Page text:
In the course of a year, from October 2012 to October 2013, the Emergency Response Division of NOAA’s Office of Response and Restoration responded to 138 oil spills, chemical accidents, and various other threats to coastal environments and communities. Many of these responses required considerable time from the scientific team to estimate where spills might spread, analyze chemical hazards, and assess whether natural resources are at risk. Sometimes, however, we’re called into some incidents that end well, with minimum help needed on our part and no oil spilled.
Last November, LCDR John Lomnicky received a call from the U.S. Coast Guard with an example of an accident that had the potential to be much worse. LCDR Lomnicky is our Scientific Support Coordinator for the Great Lakes region and is based in Cleveland, Ohio.
When Staying Grounded Is a Bad Thing
On November 17, just after 10:00 in the morning, the vessel master of the CSL Niagara reported to the U.S. Coast Guard that his ship had run aground while leaving Sandusky Bay through Moseley Channel to Lake Erie. Aboard the ship were 33,000 metric tons (36,376 U.S. tons) of coal, headed to Hamilton, Ontario, and about 193 metric tons of intermediate fuel oil (a blend of gasoil and heavy fuel oil) and marine diesel. The concern in a situation like this would be that the grounded ship might leak oil. Its stern was stuck in the soft mud at the bottom of Lake Erie. At the time, the vessel master reported there were no injuries, flooding, or visible pollution.
This ship, the CSL Niagara, has a long history of transporting coal in Lake Erie. Launched in April of 1972 for Canada Steamship Lines, Ltd., the new ship was 730 feet long and even then was carrying coal to Hamilton, Ontario. During over 40 years of sailing in the Great Lakes, the Niagara has also carried cargos of grain, coke, stone, and iron ore.
Even though the vessel hadn’t released any oil, the Coast Guard Marine Safety Unit, who had responders at the scene very shortly after the accident, put in a call to the Office of Response and Restoration’s LCDR Lomnicky for scientific support. As a precaution, they requested that we model the trajectory of oil in a worst case scenario if 145 metric tons of intermediate fuel oil and 48 metric tons of diesel fuel were released all at once into the water. We also provided a prediction of when the lake’s lower-than-usual water level would return to normal so a salvage team could refloat the stuck vessel. After gathering all of this information for the Coast Guard, LCDR Lomnicky continued to stand by for further requests.
In the hours that followed the ship’s grounding, the winds grew stronger, hampering efforts to free the vessel. The wind was causing the water level in the lake to drop and NOAA’s National Weather Service in Detroit predicted a 7.5 foot drop in levels for western Lake Erie. By 8:30 p.m., with 30 knot winds in two-to-three foot seas, the three tugboats contracted by the ship’s owner to dislodge the Niagara were making some progress. By midnight, however, with weather conditions worsening, salvage operations were suspended and scheduled to resume at first light.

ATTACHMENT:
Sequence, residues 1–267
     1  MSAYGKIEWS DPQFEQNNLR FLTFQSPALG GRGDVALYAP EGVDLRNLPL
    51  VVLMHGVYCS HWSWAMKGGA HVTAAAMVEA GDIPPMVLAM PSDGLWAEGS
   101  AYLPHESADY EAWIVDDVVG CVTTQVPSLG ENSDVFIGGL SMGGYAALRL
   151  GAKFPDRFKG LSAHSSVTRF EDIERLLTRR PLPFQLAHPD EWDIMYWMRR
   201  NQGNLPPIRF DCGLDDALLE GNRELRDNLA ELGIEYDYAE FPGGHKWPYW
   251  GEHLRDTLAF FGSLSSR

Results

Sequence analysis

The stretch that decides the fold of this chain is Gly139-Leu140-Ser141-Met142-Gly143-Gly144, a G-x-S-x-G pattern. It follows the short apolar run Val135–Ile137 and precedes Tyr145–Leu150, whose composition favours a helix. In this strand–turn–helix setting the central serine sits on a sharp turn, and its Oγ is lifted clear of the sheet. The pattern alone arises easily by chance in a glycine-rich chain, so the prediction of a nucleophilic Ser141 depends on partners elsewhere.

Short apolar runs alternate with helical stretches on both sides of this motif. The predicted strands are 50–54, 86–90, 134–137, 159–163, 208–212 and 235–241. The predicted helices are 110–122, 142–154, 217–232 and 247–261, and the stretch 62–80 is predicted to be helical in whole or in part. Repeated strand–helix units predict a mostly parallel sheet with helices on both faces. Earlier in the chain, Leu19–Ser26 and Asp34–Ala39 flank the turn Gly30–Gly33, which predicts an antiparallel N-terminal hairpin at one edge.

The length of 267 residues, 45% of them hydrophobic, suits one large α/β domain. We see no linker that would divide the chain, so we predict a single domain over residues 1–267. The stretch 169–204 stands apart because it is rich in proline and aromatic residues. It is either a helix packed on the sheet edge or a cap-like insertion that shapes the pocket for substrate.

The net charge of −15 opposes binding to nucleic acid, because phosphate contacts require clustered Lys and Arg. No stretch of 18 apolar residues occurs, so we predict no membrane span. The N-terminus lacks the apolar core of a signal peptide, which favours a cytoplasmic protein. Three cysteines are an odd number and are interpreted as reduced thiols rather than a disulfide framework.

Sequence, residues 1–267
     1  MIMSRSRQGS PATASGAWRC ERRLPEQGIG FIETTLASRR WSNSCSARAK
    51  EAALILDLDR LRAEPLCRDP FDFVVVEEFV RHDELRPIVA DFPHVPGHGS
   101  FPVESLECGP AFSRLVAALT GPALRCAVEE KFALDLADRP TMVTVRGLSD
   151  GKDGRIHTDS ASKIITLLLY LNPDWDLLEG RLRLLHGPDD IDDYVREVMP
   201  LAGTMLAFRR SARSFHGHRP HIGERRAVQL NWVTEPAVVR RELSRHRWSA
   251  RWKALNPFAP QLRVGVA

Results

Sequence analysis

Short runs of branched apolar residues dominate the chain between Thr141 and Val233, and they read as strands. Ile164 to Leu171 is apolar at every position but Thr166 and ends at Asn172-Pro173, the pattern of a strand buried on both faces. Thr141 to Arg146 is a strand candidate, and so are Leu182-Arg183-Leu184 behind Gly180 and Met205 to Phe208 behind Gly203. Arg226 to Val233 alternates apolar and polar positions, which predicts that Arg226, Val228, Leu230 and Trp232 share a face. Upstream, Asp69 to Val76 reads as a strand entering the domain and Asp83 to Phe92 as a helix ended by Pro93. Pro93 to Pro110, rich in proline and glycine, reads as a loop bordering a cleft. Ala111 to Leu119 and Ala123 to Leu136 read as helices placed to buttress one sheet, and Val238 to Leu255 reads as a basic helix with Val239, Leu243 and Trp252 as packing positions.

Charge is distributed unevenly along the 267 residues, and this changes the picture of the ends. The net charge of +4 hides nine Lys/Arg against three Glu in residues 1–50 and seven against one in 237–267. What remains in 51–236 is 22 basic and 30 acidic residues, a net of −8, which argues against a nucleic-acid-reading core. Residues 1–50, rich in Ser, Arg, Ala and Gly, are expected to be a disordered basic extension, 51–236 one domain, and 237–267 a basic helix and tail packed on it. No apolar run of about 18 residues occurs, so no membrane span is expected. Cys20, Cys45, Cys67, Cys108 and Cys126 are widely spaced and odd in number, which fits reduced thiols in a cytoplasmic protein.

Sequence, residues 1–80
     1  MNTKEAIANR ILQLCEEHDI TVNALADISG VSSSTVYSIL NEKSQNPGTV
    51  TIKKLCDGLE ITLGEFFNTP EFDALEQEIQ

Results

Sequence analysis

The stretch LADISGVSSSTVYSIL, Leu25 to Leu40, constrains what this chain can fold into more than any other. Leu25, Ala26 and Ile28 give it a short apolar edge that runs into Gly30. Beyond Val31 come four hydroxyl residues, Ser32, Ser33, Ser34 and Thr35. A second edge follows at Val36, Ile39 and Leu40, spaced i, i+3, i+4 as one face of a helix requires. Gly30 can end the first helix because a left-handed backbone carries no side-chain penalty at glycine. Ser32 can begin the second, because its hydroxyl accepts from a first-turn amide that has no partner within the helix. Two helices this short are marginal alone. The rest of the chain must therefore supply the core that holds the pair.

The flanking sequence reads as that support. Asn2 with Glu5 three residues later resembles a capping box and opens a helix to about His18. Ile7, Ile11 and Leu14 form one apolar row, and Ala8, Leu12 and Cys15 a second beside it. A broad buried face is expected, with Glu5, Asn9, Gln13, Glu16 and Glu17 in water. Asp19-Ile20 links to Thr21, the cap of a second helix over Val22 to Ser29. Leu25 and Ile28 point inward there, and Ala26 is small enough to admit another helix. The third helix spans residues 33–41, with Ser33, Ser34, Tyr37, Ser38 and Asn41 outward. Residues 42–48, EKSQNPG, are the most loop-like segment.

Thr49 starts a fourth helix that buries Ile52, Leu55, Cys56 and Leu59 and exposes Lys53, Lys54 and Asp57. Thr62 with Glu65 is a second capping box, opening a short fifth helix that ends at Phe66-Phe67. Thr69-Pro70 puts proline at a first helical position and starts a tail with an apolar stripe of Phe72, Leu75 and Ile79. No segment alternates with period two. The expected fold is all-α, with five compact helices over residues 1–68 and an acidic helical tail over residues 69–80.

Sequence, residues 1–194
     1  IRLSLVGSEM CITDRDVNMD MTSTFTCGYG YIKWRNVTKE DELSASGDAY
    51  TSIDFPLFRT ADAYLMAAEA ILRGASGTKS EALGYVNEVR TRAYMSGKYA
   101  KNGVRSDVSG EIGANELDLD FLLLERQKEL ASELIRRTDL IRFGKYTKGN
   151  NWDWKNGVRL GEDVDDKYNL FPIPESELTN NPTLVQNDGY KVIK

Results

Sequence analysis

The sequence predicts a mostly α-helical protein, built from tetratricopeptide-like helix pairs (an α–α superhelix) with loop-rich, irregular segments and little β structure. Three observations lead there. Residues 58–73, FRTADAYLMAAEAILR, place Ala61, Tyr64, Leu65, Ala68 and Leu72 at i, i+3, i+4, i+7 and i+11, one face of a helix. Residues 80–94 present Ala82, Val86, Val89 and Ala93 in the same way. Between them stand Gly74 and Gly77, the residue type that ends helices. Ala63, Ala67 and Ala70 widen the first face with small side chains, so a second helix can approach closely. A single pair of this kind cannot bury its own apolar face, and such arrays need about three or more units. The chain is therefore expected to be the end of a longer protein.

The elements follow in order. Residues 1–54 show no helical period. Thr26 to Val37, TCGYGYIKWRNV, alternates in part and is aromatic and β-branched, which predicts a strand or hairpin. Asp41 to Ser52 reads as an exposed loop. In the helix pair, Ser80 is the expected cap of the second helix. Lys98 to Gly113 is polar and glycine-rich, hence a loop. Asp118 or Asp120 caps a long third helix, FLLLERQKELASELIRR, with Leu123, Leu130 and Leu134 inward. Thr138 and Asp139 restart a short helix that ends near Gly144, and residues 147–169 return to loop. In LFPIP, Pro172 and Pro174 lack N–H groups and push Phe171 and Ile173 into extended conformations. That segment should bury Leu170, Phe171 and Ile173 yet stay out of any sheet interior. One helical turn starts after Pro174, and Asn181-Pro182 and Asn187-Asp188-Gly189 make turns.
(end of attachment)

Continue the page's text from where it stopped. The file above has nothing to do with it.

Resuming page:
But the next morning, November 18, the water level had dropped another two feet, and the three tugs still had had no luck freeing the stern of the Niagara from the lake bottom. The ship’s owner was now working on plans for lightering (removing the fuel) and containing any potentially spilled oil. Fortunately, there were still no reports of damage to the vessel or oil discharged into the water. The ship was just stuck.
By 4:00 that afternoon the water conditions had improved and another attempt to free the vessel was planned. Also, a combined tug-barge was en route should lightering become necessary.
Later that evening, shortly after 10:00, the ship was pulled free by two of the tugs and was back on its way early the next morning.
Keeping the Great Lakes Great
Lake Erie is the shallowest of the five Great Lakes, with an average depth of 62 feet. Yet its western basin, where this ship grounding occurred, has an average depth of only 24 feet. The lake is an important source of commerce for both the U.S and Canada, who depend on it for shipping, fishing, and hydroelectric power. These industries place environmental pressure on the lake’s ecosystems, which are also threatened by urban and agricultural runoff.
Happily, quick responders, sound information, and a break in the weather may have prevented this incident from becoming something much worse. A spill into Lake Erie could be devastating, especially considering its shallow waters, but this time, like many other times along the nation’s coasts, an oil spill was avoided.
Didn’t know that NOAA works in the Great Lakes? Nicknamed “the third coast,” the Great Lakes are a major U.S. water body, with a shoreline that stretches longer than the East Coast and Gulf Coast combined. Learn more about the Great Lakes and NOAA’s efforts there in this Great Lakes regional snapshot.